Are we facing a Russia-moment?
On August 17, 1998 the Russian government devalued the ruble, defaulted on domestic debt, and declared a moratorium on payment to foreign creditors. By October the stock market had fallen over 20% from its high and the 10-year US Treasury market had rallied about 1 ½ percent. Market volatility rivaled that of October 1987. Economists couldn’t see a way out for Russia—and they were right. Its economy didn’t begin to recover until 2000, and didn’t get to its prior peak until 2003.
How soon we forget. A financial crisis in Europe led to a market decline here, in spite of solid domestic economic fundamentals. The US equity market recovered by year-end and we enjoyed another three years of growth. The stock market ultimately rose 30% above its previous high.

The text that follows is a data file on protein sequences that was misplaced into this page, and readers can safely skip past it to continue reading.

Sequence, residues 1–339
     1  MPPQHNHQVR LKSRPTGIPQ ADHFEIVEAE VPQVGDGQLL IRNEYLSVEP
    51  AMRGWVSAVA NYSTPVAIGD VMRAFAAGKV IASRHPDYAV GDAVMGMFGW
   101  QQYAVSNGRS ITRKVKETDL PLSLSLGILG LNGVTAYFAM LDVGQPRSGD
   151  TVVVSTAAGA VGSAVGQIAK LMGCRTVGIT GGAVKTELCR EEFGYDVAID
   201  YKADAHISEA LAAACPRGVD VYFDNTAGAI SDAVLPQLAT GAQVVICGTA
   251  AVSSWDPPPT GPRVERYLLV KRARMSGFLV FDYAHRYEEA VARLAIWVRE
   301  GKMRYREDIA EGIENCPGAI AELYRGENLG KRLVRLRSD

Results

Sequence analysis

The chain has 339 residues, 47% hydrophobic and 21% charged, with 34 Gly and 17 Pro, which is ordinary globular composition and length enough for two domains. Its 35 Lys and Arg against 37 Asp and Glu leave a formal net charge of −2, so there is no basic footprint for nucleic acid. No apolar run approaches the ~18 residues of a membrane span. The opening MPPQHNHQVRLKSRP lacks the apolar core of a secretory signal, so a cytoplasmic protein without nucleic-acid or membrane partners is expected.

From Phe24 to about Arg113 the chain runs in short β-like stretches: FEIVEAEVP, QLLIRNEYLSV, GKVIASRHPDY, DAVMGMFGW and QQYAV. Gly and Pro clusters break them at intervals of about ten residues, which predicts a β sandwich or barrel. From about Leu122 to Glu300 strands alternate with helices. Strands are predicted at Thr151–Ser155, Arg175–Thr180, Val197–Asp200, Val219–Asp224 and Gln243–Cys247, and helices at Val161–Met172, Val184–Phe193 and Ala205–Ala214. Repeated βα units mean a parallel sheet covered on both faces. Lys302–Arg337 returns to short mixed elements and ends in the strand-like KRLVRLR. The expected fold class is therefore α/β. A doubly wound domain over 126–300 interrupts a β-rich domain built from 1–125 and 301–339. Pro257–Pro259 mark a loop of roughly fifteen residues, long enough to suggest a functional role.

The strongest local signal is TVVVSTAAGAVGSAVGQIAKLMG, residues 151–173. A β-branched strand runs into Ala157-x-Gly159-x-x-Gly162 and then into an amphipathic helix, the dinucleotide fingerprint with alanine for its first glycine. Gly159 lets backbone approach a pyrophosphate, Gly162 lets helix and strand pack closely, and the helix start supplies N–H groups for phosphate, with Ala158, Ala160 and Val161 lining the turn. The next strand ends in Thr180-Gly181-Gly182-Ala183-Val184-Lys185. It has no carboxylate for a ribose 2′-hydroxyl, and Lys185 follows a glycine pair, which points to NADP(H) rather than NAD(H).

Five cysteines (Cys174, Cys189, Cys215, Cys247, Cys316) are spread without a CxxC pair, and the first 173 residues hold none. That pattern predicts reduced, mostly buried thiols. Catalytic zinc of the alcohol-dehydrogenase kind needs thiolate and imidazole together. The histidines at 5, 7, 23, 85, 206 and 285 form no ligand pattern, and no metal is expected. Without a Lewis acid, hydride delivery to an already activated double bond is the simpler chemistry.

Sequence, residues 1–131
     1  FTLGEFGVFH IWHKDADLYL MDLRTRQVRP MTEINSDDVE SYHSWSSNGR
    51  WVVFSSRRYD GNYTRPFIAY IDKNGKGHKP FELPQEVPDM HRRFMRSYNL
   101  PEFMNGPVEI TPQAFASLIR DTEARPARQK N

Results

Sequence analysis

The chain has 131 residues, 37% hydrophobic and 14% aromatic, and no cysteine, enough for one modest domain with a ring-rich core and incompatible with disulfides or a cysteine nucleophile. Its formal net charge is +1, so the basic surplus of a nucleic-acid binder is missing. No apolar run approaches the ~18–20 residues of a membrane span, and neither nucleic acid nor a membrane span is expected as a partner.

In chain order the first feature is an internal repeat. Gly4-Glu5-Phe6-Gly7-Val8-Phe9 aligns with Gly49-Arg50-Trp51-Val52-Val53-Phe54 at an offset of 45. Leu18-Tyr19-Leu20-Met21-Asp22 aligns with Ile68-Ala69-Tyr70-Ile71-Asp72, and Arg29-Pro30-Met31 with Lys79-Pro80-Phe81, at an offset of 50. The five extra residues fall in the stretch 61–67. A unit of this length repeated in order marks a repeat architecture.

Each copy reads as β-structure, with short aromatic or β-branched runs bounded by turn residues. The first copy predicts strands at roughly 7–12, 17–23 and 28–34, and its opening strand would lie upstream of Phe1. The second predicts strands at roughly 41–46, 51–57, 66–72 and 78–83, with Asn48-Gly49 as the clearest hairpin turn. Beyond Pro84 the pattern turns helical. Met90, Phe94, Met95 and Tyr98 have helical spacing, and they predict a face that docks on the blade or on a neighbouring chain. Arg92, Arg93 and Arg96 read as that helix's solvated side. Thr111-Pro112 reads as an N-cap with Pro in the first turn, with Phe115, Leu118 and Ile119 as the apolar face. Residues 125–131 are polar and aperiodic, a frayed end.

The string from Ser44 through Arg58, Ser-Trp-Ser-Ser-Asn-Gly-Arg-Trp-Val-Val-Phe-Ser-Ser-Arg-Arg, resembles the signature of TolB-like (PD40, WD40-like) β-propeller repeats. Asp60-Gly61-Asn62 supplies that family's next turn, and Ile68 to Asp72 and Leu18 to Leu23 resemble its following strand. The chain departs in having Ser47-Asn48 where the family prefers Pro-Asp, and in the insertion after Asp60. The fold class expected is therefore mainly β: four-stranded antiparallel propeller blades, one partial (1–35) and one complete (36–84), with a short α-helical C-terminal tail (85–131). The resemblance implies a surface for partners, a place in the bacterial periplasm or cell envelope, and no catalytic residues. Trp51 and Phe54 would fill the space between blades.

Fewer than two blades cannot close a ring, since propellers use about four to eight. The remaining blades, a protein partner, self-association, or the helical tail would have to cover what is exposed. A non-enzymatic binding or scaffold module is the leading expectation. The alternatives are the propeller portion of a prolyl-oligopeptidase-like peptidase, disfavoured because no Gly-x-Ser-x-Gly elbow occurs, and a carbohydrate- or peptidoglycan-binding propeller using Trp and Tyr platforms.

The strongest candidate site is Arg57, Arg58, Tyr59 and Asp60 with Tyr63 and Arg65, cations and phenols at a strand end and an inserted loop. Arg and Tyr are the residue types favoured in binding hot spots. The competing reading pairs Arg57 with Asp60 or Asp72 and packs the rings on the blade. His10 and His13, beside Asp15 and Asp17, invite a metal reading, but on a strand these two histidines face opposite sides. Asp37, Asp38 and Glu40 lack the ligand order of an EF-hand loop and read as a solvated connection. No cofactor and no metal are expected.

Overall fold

Fast forward 13 years: a significant debt restructuring is in the offing in Europe, equities have fallen off their peak, the Treasury market has rallied, and volatility is extreme. But US companies continue to exceed earnings expectations. So far this earnings season, over 90% of companies in the S&P 500 have exceeded expectations. The economy is still growing: we have 1.2 million more jobs that a year ago, consumer credit is growing, and industrial production is improving.
Yes, global growth is slowing. Yes, the markets have been volatile. But oil prices are down, inflation pressures are easing, and consumers are spending. We’re seeing evidence of financial stress, but it’s more like 1998 than 2008. The situation may not yet be in hand, but this is no time to panic.
[display_podcast] A Russian Moment?